The other day, USA Today ran an article reporting that 2010 had tied 2005 as the warmest year since record-keeping began in 1880. But what really caught my eye was who they chose to question the significance of the news.
Winter weather has been especially harsh this year, as it was last year. Scientists have long predicted that weather across the Northern Hemisphere could get colder with global warming. How might this work?
Some argue we must trust the private sector to make green development profitable enough to slow warming. This is wishful thinking. Win-win opportunities exist, but not to the extent required to cut emissions radically.
The acceptance of the Cancún Agreements suggests that the international diplomatic community may now recognize that incremental steps in the right direction are better than acrimonious debates over unachievable targets.
Fox News has consistently delivered false and misleading information to its viewers about the climate crisis. New leaked emails now suggest that this bias comes directly from the executives responsible for their news coverage.
In the transition to a low-carbon economy, a global registry of national targets for renewable energy and efficiency could lead to a "race to the top" -- a race that Denmark could win just as easily as its bigger neighbors.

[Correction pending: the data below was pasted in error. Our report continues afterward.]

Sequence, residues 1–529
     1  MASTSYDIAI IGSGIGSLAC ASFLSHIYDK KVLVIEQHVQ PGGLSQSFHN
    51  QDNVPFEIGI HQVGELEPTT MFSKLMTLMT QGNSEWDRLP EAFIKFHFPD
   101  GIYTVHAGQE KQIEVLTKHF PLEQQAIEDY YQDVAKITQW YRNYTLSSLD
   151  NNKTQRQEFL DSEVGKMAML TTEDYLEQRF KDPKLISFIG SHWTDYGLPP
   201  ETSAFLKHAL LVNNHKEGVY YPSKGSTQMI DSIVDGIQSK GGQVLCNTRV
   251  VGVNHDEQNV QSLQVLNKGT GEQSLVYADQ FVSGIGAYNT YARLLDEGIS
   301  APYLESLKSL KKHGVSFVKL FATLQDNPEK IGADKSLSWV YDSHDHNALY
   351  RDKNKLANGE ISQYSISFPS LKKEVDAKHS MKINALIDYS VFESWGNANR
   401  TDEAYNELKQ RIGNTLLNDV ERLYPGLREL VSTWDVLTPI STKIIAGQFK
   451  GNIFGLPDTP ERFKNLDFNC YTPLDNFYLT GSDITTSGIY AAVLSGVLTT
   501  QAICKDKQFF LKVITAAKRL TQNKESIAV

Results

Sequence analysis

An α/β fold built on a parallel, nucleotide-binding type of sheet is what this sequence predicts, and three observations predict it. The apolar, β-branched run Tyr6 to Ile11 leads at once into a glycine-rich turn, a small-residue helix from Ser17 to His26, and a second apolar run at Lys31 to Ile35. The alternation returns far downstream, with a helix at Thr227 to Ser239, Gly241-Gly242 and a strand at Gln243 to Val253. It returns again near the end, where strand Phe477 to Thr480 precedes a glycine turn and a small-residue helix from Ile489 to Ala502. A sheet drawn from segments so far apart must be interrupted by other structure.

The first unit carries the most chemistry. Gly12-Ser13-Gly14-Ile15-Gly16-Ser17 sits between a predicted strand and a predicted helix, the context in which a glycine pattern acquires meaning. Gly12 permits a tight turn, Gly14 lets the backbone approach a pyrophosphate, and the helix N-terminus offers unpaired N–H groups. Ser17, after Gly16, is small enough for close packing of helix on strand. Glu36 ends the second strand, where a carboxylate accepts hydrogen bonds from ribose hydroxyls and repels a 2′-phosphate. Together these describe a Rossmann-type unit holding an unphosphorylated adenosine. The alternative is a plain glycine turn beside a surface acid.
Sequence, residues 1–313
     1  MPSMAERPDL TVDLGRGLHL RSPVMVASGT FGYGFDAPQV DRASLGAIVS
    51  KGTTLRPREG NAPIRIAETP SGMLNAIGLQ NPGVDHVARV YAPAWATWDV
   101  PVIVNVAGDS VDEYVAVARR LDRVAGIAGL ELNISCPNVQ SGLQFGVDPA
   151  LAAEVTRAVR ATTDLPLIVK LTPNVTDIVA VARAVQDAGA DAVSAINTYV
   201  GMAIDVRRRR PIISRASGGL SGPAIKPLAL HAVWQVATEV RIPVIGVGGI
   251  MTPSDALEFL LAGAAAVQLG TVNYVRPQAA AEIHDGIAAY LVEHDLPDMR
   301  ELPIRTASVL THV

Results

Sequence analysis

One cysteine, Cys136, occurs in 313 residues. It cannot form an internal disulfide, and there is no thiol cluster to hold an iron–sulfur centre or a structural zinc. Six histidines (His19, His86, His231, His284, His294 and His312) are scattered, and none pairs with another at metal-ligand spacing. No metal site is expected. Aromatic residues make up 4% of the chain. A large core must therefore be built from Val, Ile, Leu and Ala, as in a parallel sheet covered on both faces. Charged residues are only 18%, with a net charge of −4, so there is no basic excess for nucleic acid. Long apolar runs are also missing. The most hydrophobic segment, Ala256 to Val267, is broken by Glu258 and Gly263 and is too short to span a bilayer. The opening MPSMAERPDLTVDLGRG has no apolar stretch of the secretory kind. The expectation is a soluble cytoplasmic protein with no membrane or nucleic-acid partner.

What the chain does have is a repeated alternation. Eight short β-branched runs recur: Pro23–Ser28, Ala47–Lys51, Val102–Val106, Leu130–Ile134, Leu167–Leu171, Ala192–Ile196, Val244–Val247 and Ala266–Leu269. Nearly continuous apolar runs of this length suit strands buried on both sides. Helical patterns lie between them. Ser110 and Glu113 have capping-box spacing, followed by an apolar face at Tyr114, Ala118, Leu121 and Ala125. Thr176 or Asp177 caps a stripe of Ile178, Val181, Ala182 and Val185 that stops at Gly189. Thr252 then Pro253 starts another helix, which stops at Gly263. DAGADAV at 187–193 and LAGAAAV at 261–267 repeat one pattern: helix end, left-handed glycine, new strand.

Rather than bemoan our human frailty, let us resolve to make what progress we can on climate change, when we can. Its rising impacts -- on our poorest neighbors today and on our children tomorrow -- demand no less.
The world's governments are gathering next week in Cancun with no momentum and very little pressure from their own populations to stop the ecological vandalism that has caused the hottest year on record.
The special interests that profit from fossil fuels will not wither away and die without a fight. They have deep pockets, and they will stop at nothing to disrupt and delay this historic transition. So let's stand up to them.
In America today, the truth is upside down on clean energy. We have allowed ourselves to be successfully tarred as the people who will hurt the economy by the fossil fuel forces who will guarantee the economic decline of America.
Our media has a responsibility to educate the public on issues affecting the planet. Covering the climate crisis only as a political issue shields from public view the vital scientific and moral elements of the debate.
The best way to counter back-room lobbying and misinformation about climate change is not to hunker down as some climate scientists have, but to foster greater transparency and open debate around the risks of not acting now.
Low carbon technologies, renewables and balanced energy polices -- and their export potential -- represent a new way of living that can help free us from today's high unemployment and the specter of economic stagnation.